Now that I’m feeling up to posting again, I have a ton of things I need to catch up on and race reports seem like a good place to start. I actually ran in several races in the past two months and some definitely turned out better than others. Good or bad, I always enjoy recapping the events I run so here goes…

I had always planned to run 5 Peaks Cypress Mountain but with everything that had just happened, I really wasn’t sure if I would make it in the end. I’d gotten out for one run – a slow, solo climb of the Grouse Grind – but wasn’t sure if attending a race was really the right place to be. 

I knew that getting out to run was going to be an important part of dealing with how I was feeling but races are always such fun, upbeat events and I wasn’t sure if a) I was feeling up to it and b) if it was appropriate. In grief, I think it’s common to question what is the ‘right’ thing to do, the ‘right’ thing to say and the ‘right’ way to act but I think there really is no ‘right’ in all of it. Grief can be so consuming that any activity that can make you feel better, even if just for a short time, is worth doing.

My family was actually quite insistent that I go as long as I was feeling up to it. I knew they were probably right and knowing how much running could lift my spirits, I decided to go. A few hours on the trails would likely do me some good was my hope.

Helping out at the registration table was a good distraction to start off the day...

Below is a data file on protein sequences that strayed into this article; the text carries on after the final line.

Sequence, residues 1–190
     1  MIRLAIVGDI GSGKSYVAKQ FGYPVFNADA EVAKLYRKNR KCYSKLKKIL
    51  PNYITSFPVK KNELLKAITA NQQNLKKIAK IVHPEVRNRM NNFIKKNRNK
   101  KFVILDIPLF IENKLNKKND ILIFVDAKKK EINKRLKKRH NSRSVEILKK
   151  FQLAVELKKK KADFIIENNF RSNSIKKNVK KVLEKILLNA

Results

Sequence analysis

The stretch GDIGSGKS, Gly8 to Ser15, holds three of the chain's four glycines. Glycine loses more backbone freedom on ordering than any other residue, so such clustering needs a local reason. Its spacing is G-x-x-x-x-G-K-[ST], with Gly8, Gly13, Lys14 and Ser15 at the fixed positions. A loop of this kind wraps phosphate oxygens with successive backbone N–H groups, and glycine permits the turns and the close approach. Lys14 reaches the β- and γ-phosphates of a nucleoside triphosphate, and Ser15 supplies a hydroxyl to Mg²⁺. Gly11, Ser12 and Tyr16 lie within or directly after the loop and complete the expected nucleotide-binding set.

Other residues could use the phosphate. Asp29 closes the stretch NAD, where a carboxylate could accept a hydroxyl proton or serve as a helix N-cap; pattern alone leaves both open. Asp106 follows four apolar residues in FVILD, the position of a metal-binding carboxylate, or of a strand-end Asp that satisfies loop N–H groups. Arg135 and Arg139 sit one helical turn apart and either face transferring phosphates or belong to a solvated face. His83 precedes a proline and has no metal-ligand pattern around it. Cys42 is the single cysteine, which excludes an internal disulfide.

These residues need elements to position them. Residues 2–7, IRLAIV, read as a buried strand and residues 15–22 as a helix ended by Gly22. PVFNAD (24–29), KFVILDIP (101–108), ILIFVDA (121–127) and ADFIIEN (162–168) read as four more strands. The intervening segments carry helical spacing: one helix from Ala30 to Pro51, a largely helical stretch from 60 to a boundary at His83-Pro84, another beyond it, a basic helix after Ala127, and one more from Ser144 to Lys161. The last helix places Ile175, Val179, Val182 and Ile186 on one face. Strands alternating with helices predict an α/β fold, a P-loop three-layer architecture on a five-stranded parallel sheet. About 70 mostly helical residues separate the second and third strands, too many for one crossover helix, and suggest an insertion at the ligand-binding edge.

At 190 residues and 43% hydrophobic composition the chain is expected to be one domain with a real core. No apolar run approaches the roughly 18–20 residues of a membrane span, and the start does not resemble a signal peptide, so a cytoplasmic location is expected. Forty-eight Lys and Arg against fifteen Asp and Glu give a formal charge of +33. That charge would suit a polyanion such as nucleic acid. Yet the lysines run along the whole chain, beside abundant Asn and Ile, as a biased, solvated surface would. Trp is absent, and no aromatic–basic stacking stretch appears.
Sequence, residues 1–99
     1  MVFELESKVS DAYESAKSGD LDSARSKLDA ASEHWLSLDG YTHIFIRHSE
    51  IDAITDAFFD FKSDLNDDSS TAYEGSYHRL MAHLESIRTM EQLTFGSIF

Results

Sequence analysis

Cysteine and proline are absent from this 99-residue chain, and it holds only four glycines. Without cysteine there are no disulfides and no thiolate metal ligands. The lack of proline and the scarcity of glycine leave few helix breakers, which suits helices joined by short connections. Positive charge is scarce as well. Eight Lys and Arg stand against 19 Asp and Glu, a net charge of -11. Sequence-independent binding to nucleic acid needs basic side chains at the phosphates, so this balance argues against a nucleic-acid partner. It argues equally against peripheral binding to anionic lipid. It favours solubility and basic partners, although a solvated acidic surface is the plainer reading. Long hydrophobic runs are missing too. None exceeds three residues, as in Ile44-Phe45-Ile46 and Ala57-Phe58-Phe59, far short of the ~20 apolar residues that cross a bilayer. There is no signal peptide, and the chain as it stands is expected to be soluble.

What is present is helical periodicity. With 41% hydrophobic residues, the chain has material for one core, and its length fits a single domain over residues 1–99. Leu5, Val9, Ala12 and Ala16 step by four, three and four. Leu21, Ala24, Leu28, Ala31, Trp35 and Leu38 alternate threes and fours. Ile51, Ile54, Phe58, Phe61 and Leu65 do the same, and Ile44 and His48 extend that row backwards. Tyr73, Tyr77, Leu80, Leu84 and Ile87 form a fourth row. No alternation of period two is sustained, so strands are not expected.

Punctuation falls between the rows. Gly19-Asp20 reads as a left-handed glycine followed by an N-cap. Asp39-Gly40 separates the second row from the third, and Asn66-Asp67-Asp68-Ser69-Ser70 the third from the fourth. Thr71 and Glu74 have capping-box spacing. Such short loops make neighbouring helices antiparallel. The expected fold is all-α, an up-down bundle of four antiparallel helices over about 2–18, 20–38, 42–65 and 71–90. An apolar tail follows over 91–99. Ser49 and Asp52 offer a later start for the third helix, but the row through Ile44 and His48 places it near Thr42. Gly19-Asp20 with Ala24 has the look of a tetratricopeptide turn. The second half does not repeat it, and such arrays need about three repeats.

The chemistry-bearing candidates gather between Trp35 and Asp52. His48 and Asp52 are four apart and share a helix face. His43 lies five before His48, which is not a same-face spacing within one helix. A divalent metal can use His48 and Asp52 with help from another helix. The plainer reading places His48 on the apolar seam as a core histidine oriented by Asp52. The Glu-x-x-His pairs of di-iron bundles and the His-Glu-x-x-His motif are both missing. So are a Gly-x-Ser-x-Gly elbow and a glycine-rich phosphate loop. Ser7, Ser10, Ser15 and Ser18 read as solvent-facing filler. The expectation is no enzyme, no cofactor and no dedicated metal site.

Helping out at the registration table was a good distraction to start off the day… (Photo Credit: Rob Shaer for 5 Peaks)

The Cypress Mountain courses had been redesigned this year and had been promised to be toughies. In general, a ‘tough’ trail race doesn’t really excite me because that typically means lots of climbing and I’m a horrible climber. I’ll eventually get to the top but I’m slow. Several friends said they were planning to take it easy too so I was thankful to possibly have a few people with me the whole way.

The course started off through some gentle uphill trails before heading through some nicely groomed, gravel trails around a few little lakes. It didn’t take long before we had gotten high enough that we already had some beautiful views. I had been feeling kind of emotional at the start of the race so seeing these beautiful views helped lift my spirits a bit.

I’m the second one back, plodding along… (Photo credit: Rob Shaer/5 Peaks)

I’m the second one back, plodding along… (Photo credit: Rob Shaer for 5 Peaks)

We eventually found our way over to the first really big climb. Ugh. It was a loose stony surface and if I didn’t know any better I would have sworn we were walking straight up a 90 degree wall! I’m exaggerating but it was definitely a steep incline and tough slog up. It was a pretty warm day and this climb was taking absolutely everything out of me.

The coarse rock gave way to a rock staircase that never seemed to end (even though I could see the top!)

The coarse rock gave way to a rock staircase that never seemed to end (even though I could see the top!)